Loading

48°F

45°F

51°F

45°F

47°F

46°F

51°F

47°F

47°F

48°F

47°F

51°F
Search
NEWS STORIES

Ho-Drag racing brings crowds to RhinelanderSubmitted: 02/23/2013
Story By Hayley Tenpas


RHINELANDER - We usually find drag racing during warmer months.

But out on the ice Saturday, there was a little Ho-Drag racing going on.

Lake Thompson in Rhinelander was the scene for the first ever Ho-Drags on Ice.

Different categories let drivers and vehicles of all levels race.

The Rhinelander Chamber of Commerce helped put on today's event.

"We had a great crowd, a bigger response than we thought we would have. And so I think the unique aspect of the event, we're ice drag- racing it's an attention drawer, and I think that's always what we're looking for. We want something that will build excitement and get them to come out and hopefully visit Rhinelander as well," said Lara Reed.

Cars reached speeds of over 100 miles per hour on the ice.

Special tires with nails were used to help cars gain traction.

The Rhinelander Chamber hopes to bring the event back next year.


Text Size: + Increase | Decrease -
Print Story | Email Story
Sponsored in part by HodagSports.com





 IN OTHER NEWS

MILWAUKEE - Police have arrested four protesters who sat in the middle of a downtown Milwaukee intersection during a demonstration calling for more diversity at Marquette University.

+ Read More

Play Video

ANTIGO - Dealing with allergic reactions to bee stings can be one of the biggest health threats to students.

"If we were seeing a reaction, for example a tingling of the mouth, swelling of the throat, a visual that a student might give us if they are unable to breath at that time, we would immediately administer an EpiPen," Director of Pupil Services Unified School District of Antigo Karen Baker.

Teachers watch carefully for possible allergic reactions, especially at recess and on field trips.

+ Read More

Play Video

EAGLE RIVER - Many people enjoy freshly roasted coffee. But, the process to roast those coffee beans can be a science.

"We start with green coffee. It comes in 130 to 155 pound sacks of coffee," said owner of Eagle River Roasters Dan Beihoff.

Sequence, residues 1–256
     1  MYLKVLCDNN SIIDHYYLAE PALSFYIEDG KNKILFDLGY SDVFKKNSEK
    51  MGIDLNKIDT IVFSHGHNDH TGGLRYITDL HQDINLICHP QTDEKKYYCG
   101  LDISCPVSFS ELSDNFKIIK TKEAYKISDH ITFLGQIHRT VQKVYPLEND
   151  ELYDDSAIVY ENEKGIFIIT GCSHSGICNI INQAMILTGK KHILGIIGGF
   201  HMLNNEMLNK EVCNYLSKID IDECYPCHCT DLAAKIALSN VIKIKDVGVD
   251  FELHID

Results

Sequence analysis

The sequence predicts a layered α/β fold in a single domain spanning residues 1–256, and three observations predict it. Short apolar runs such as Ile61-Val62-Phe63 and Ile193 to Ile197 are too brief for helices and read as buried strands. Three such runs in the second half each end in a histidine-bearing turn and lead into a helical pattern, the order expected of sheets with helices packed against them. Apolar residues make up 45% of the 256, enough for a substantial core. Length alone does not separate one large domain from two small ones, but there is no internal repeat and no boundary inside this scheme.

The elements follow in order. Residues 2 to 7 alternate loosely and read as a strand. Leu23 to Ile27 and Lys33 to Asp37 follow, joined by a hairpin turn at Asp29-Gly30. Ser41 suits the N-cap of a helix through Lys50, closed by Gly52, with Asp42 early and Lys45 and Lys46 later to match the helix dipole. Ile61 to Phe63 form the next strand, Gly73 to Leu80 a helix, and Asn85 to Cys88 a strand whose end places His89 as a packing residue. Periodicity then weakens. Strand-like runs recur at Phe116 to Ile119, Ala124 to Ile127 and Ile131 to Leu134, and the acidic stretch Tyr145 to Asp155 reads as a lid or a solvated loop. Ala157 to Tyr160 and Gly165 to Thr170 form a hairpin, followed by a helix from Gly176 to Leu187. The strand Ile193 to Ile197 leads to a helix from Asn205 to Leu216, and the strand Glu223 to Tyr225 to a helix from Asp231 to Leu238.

+ Read More

Play Video

EAGLE RIVER - Many Northwoods cities need to make improvements to the roads now that it's spring.

Rhinelander wants to do it, enough to impose a new sales tax.

Another local city will make improvements to the road and the pipes under the road.

Eagle River will replace infrastructure on Division Street.

Eagle River's mayor Jeff Hyslop says it's about 70 years old.

+ Read More

MERRILL - The Community Warming Center in Merrill finished up its first winter season a few weeks ago. The center provides a place to stay for people in need from November through April.

The guest's ages ranged from 22 to 45 years old. The center is run through the Merrill United Way. The Warming Center's director said its first year went much better than expected.

"It's kind of like building the field of dreams and not knowing if anyone will come to play, or to stay in our case," said Merrill United Way Executive Director Dee Olsen. "But what ended up happening was the community was responsive and we ended up with 11 guests throughout the season with 90 user nights."

The center is already preparing for the next season. They have new blankets and pillows ready for their next year.

+ Read More

Play Video

RHINELANDER - Last year, a valve malfunction in eastern Wisconsin sent natural gas leaking into the air. A similar situation in the Northwoods could cut off gas supply to a whole city and be dangerous to people in the nearby area.

Wisconsin Public Service wants to be ready in case something like that happens. A natural gas station near the intersection of Highways 8 and 47 provides natural gas to most of Rhinelander. Workers rushed there on Monday, simulating their response to a leak.

+ Read More
Local kids help protect batsSubmitted: 04/27/2015

Play Video

RHINELANDER - Seventh graders in Rhinelander will help protect bats this summer. That's thanks to help from the U.S. Forest Service.

Kids in Rhinelander Monday learned about endangered bats across Wisconsin on Monday. A bat expert with Chequamegon Nicolet National Forest showed the importance of keeping bats healthy. The students helped local scientists by building new homes for the bats.

"Ms. Swaney showed us a presentation about the bats with a speaker and now we're building them," said 7th grader Jackie Wells.

"They have predators and it will kind of keep them safe in their little bat homes," said 7th Grader Connor Lund.

+ Read More
+ More General News
Search: 




Click Here